Kim, P. & Harmon. D. 2014.  Justifying One’s Transgressions: How Rationalizations Based on Equity, Equality, and Need Affect Trust After its Violation. Journal of Experimental Psychology: Applied, 20(4), 365-379. PDF.

Abstract: We investigate how efforts to justify a transgression as an attempt to address matters of equity, equality, or need would affect the implications of an apology for trust after its violation, and how this would depend on the intended beneficiary. To do so, we conducted 2 studies, including a new research design that supplements the rigor of experiments with far greater realism. Although combining a justification with an apology tended to elicit higher trust relative to an apology alone when the violation benefited another party, doing so was ineffective or harmful when the violation benefited the violator. Finer-grained analyses comparing the 3 types of justifications, furthermore, revealed that the addition of equity-based justifications elicited higher trust than the addition of equality- or need-based justifications in general, and that the addition of need-based justifications was particularly harmful when the violation benefited the self. Perceived fairness mediated these effects.



Kim, P., & Harmon, D. 2012. The nature of collective reactions to potential transgressions. In Neale, M.A., & Mannix, E.A. (Eds.), Research on Managing Groups and Teams: Looking Back and Moving Forward (Volume 15). Greenwich, CT: JAI Press.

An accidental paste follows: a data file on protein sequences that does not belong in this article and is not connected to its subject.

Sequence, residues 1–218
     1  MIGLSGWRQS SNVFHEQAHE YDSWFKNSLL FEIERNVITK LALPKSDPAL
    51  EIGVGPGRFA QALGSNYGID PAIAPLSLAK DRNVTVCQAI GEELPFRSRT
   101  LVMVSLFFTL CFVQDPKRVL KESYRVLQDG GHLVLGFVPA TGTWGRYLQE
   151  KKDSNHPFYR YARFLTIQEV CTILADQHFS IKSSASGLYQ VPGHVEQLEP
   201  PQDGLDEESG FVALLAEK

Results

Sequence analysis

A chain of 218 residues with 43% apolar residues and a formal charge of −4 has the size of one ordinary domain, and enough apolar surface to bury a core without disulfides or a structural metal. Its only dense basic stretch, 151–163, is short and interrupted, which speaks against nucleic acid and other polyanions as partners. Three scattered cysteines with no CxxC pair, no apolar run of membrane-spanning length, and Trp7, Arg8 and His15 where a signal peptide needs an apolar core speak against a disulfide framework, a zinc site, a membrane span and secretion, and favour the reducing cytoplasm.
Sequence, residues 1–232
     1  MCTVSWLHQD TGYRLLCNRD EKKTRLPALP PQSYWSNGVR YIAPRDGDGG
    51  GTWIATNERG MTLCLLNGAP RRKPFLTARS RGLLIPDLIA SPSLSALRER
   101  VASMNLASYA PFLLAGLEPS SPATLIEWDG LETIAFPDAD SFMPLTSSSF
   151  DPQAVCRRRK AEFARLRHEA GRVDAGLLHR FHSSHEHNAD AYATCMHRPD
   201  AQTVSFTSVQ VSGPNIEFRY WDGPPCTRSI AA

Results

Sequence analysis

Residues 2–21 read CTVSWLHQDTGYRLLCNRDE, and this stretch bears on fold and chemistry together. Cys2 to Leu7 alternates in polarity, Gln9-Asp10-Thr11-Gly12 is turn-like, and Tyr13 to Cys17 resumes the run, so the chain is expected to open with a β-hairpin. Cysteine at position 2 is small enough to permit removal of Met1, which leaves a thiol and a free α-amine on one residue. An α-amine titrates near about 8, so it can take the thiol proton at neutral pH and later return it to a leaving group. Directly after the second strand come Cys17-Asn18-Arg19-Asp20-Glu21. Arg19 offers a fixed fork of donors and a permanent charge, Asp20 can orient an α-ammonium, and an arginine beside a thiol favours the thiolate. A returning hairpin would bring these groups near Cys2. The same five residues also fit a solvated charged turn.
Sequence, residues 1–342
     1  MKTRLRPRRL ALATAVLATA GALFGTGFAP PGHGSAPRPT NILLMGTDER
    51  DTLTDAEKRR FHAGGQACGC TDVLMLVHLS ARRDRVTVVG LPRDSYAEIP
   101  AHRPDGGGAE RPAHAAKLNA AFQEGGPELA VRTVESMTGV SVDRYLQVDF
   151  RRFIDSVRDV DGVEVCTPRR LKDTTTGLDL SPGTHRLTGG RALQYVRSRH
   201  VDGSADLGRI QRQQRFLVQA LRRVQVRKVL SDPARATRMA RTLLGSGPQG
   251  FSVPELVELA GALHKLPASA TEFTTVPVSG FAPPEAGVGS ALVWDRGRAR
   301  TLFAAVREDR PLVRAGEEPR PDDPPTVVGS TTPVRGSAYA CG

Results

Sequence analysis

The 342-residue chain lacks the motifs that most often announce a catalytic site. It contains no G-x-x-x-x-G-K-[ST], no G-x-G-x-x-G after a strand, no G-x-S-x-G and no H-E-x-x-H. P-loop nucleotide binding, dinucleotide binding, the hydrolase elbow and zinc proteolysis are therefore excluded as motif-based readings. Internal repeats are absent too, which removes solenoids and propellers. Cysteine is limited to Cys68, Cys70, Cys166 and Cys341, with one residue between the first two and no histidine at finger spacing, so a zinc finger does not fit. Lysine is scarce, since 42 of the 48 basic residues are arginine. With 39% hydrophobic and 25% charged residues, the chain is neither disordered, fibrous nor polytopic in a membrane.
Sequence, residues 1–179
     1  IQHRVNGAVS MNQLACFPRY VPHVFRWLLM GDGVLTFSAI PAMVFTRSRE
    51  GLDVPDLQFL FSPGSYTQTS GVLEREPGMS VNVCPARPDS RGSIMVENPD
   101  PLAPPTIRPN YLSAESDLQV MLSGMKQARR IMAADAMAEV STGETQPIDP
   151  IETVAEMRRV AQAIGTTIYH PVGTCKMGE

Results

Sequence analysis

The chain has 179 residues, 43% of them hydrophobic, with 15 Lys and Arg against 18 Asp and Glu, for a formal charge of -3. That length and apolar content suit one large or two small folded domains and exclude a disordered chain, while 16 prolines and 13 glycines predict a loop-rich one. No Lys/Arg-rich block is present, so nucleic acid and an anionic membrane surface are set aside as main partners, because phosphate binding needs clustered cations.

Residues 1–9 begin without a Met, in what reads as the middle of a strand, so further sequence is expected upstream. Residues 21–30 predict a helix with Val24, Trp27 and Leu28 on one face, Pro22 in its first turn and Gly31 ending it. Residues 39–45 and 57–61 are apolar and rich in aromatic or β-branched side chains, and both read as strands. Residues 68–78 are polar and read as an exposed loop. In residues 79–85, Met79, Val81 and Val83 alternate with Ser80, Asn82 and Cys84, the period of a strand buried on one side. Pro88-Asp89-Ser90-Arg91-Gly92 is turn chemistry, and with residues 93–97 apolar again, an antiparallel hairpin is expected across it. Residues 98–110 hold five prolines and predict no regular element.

Abstract: Purpose – To motivate efforts within the ethics, fairness, and justice literatures to address some largely unexamined questions regarding how reactions to potential transgressions might depend on the group context. Design/approach – We draw on prior literature on ethics, fairness, and justice to develop a framework that highlights gaps in the literature. We develop a section on future work that provides suggestions to researchers on how to address these gaps. Findings – Although it is important to understand how to prevent transgressions from being committed, we start from the point of view that they are likely to remain an unfortunate aspect of organizational life. Thus, it is important to consider how people not only interpret transgressions, but also how they might respond after such transgressions occur. Through a review of the prior literature, we highlight the relative lack of research on such responses, particularly at a collective level, by considering (1) the types and implications of attributions made for transgressions in a group context and (2) how collective reactions to potential transgressions may ultimately differ from those of individuals. Originality/value – We attempt to spur greater understanding of how groups understand and collectively react to potential transgressions. By doing so, we motivate greater attention toward an important, though underexplored, area in the literature.